This month, JFCS staff had first-hand experience with dementia. Well, simulated dementia, that is … in the form of the Virtual Dementia Tour. Our friends from Arden Courts kindly facilitated the experience, which mimics several common components of aging and dementia.
Each staff member was given a combination of physical, visual and auditory impairments, and then he or she was asked to complete a short series of simple tasks. Possible tasks included locating and putting on an item of clothing, writing a short letter, setting the table, pouring water into glasses, sorting socks, drawing a picture and folding towels.
Most of these are things that we find to be very easy in our day-to-day lives, but they became nearly insurmountable when combined with our artificial impairments. When we met to discuss the experience as a group, many employees voiced their surprise at the difficulty of the exercise and the strength of their own reactions to it.
Many of us were frustrated and embarrassed by our failure to complete these small tasks correctly. The coordinators were not allowed to assist us or provide additional instruction, so we felt isolated and alone in our frustration. Some of us even gave up on completing a few tasks, because they were too difficult to manage alone.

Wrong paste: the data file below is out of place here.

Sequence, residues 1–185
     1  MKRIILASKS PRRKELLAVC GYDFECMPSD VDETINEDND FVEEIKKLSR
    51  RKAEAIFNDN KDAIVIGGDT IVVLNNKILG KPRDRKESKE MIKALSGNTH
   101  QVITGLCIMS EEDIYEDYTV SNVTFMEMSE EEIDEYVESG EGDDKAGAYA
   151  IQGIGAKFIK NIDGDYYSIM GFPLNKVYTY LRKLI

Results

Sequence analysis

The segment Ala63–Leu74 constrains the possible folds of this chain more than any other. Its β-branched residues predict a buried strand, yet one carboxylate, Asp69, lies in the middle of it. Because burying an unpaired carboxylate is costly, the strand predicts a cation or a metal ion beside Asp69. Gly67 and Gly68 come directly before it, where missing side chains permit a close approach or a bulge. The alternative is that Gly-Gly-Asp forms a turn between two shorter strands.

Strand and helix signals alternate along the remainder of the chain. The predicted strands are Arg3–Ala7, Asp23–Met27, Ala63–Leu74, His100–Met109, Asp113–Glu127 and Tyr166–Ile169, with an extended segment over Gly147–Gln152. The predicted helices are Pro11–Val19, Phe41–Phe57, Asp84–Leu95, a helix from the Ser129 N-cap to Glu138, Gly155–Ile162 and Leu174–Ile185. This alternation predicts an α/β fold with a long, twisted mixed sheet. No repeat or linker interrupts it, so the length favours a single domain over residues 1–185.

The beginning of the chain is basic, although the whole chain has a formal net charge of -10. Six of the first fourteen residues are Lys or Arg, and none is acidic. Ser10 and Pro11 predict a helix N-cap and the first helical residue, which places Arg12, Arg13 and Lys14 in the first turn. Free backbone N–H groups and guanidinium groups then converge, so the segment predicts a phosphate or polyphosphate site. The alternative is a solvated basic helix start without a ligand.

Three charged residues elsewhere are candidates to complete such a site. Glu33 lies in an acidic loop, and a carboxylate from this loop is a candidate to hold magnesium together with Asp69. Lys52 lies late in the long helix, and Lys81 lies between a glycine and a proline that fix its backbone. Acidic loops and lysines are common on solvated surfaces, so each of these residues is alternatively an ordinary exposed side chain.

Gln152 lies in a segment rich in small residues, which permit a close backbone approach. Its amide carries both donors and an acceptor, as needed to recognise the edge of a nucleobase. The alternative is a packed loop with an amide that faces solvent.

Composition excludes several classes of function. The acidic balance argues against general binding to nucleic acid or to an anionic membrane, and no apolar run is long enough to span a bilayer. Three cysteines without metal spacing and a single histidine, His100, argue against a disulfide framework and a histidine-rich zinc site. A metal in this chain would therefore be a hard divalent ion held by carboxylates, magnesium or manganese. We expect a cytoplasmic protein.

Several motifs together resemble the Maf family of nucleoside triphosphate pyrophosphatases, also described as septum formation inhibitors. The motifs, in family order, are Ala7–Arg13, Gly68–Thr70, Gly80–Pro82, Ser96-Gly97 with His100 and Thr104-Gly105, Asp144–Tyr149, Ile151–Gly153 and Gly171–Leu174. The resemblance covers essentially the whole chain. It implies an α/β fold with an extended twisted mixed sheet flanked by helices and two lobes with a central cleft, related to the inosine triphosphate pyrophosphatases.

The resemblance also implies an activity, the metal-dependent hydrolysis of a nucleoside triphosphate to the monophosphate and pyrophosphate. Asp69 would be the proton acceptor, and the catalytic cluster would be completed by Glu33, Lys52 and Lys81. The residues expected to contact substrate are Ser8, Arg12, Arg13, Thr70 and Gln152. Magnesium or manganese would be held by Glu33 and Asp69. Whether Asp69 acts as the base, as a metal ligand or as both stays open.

This is just a short glimpse into what some older adults experience every day. As counselors and caregivers, we found it valuable to put ourselves closer to the position of our clients and loved ones who suffer from memory disorders. We hope that the experience will help us to feel less frustration and show more compassion toward those who need our help and support the most.
For a more in-depth look at the Virtual Dementia Tour, check out this segment from ABC’s Nightline.
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